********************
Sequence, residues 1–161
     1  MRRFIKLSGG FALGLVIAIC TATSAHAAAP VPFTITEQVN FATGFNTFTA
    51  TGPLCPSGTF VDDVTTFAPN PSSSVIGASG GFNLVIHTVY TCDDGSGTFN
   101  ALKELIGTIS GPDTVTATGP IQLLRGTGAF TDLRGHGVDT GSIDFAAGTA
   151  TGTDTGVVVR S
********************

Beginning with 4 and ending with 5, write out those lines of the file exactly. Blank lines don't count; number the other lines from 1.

   101  ALKELIGTIS GPDTVTATGP IQLLRGTGAF TDLRGHGVDT GSIDFAAGTA
   151  TGTDTGVVVR S